In practice (based on CIT 40-meter data) breaking up the frequency range into intervals provides a very reliable veto for rejecting events that trigger an optimal filter, but which are not themselves chirps. The value of so if then one can conclude that the likelihood that a given trigger is actually due to a chirp is less than ; rejecting or vetoing such events will only reduce the true event" rate by . However in practice it eliminates almost all other events that trigger an optimal filter; a noisy event that stimulates a binary chirp filter typically has or larger!

The previous analysis for the single-phase" case assumes that we have found the correct template describing the signal. In searching for a binary inspiral chirp however, the signal is a linear combination of the two different possible phases:

 (6.24.127)

and the amplitudes and are unknown. The reader might well wonder why we can't simply construct a single properly normalized template as
 (6.24.128)

and then use the previously-described single phase" method. In principle, this would work properly. The problem is that we do not know the correct values of and . Since and , we can estimate the values of and from the real and imaginary parts of the measured signal, however these estimates will not give the true values. For this reason, an statistic and test can be constructed for the two-phase" case, but it has twice the number of degrees of freedom as the single-phase" case.

The description and characterization of the test for the two phase case is similar to the single-phase case. For the two phase case, the signal is a complex number

 (6.24.129)

The templates for the individual phases are normalized as before:
 (6.24.130)

This assume the same adiabatic limit discussed earlier: . In this limit, the frequency intervals are identical for either template. We define signal values in each frequency band in the same way as before, except now these are complex:
 (6.24.131)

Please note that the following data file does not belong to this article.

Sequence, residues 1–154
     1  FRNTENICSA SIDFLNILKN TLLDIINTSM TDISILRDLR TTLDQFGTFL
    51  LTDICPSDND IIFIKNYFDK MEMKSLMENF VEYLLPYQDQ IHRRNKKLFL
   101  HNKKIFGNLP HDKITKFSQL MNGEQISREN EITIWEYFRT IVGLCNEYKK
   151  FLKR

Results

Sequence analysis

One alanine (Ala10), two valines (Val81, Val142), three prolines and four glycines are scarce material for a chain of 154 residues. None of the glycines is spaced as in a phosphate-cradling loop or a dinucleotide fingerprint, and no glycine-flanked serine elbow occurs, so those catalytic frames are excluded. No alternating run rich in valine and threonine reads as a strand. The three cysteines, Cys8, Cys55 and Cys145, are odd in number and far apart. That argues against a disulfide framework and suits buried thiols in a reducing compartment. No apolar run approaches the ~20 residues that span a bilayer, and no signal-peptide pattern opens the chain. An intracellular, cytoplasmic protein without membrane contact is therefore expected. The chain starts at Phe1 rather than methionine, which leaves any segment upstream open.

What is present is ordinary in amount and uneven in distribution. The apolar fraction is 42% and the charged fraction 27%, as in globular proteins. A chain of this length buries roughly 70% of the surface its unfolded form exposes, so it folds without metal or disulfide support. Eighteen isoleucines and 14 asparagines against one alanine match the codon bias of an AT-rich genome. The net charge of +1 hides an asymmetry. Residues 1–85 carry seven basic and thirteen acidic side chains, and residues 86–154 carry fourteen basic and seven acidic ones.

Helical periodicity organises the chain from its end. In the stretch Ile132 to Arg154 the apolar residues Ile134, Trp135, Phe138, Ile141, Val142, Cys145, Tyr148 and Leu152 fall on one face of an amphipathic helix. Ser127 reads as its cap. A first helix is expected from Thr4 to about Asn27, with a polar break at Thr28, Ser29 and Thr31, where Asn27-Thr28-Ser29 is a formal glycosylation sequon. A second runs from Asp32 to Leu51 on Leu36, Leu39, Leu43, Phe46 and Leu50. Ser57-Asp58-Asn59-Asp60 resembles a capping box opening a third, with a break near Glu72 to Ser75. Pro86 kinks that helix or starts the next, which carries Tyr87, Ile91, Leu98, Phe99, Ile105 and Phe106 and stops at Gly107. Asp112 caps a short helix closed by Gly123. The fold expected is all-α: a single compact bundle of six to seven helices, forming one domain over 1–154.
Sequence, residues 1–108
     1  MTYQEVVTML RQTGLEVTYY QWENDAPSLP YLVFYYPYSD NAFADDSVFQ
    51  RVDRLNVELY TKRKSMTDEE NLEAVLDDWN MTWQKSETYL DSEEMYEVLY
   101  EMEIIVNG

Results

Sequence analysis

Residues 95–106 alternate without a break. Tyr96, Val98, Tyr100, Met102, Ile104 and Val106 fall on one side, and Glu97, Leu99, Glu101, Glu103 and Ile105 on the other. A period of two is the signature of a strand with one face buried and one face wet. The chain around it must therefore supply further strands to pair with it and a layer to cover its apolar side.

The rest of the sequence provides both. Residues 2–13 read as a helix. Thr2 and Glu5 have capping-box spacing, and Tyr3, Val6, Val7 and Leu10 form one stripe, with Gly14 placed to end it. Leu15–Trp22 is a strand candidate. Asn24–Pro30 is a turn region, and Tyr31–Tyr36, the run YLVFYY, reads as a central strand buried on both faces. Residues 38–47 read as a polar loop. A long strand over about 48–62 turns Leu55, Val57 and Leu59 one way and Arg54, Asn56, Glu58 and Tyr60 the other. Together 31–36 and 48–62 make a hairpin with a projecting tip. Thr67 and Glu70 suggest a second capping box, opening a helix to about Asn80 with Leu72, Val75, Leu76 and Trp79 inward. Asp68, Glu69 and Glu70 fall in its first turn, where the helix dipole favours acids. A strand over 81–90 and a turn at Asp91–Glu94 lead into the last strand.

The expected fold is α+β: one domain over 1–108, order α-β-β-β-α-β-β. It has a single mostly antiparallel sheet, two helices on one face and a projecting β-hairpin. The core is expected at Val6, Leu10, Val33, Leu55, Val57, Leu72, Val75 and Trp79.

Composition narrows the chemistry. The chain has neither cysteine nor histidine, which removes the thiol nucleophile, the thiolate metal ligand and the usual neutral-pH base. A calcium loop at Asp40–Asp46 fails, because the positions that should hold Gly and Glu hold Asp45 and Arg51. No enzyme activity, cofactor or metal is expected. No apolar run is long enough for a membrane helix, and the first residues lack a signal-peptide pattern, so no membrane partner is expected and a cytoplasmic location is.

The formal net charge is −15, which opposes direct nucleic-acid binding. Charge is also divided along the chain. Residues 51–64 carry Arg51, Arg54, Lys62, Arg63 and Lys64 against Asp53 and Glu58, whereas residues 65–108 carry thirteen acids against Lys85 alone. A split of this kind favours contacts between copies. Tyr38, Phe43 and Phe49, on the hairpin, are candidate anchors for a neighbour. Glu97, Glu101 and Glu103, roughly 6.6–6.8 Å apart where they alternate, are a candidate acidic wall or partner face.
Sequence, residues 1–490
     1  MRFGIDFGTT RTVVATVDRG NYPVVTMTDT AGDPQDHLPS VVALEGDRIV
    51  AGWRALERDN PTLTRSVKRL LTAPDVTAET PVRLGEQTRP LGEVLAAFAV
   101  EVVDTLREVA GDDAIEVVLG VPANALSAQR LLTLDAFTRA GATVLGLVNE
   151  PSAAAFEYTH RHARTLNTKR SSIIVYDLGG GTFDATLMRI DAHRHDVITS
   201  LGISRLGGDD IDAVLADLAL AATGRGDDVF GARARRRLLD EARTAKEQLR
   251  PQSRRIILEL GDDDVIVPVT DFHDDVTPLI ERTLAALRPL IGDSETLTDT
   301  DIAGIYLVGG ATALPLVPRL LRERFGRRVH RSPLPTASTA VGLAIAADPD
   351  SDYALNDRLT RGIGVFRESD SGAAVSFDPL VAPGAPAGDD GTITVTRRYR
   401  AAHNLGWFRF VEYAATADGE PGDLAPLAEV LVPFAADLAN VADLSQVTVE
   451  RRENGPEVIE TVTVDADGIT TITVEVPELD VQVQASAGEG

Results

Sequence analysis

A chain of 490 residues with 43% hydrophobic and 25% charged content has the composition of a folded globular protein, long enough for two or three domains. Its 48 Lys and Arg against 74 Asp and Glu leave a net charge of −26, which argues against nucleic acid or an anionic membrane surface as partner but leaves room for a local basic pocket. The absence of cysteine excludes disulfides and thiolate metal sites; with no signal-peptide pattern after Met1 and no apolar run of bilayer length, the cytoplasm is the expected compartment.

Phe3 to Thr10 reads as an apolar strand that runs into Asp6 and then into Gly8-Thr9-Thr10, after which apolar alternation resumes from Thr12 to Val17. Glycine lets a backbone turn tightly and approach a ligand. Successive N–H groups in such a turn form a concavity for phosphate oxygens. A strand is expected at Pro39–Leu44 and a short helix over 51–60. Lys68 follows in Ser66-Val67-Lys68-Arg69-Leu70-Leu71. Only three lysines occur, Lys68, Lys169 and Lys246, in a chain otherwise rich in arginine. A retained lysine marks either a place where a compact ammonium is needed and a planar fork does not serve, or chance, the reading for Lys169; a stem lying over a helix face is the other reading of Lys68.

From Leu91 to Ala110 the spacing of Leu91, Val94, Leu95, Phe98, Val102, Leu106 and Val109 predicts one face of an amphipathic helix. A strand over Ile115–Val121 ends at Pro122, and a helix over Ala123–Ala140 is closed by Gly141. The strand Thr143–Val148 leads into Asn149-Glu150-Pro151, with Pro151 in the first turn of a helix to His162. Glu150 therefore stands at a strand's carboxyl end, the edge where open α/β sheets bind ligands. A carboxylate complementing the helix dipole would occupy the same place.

The mean value of the signal in each frequency band is
 (6.24.132)

and the variance of either the real or imaginary part is as before, so that the total variance is twice as large as in the single phase case:
 (6.24.133)

The signal values are now characterized by the probability distribution
 (6.24.134)

Note that the arguments of this function are complex; for this reason the overall normalization factors have changed from the single-phase case. We now construct complex quantities which are the difference between the actual signal measured in a frequency band and the expected value for our templates and phases:
 (6.24.135)

The probability distribution of these differences is still defined by () but in that expression, the variables of integration and are integrated over the complex plane (real and imaginary parts from to ), and is any function of complex variables. As before, we can calculate by choosing correctly, in this case as , where . The same procedure as before then yields the probability distribution function
 (6.24.136)

It is now easy to see that the expectation of the signal differences is still zero but the variances are twice as large as in the single-phase case:
 (6.24.137)

The statistic is now defined by
 (6.24.138)

and has an expectation value which as twice as large as in the single-phase case:
 (6.24.139)

The calculation of the distribution function of is similar to the single phase case (but with twice the number of degrees of freedom) and gives the incomplete -function
 (6.24.140)

This is precisely the distribution of a statistic with degrees of freedom: each of the variables has 2 degrees of freedom, and there are two constraints since the sum of both the real and imaginary parts vanishes. In fact since the expectation value of the statistic is just the number of degrees of freedom:
 (6.24.141)

the relationship between the and statistic may be obtained by comparing equations () and (), giving
 (6.24.142)

Next: How does the test Up: GRASP Routines: Gravitational Radiation Previous: Vetoing techniques (time domain   Contents
Bruce Allen 2000-11-19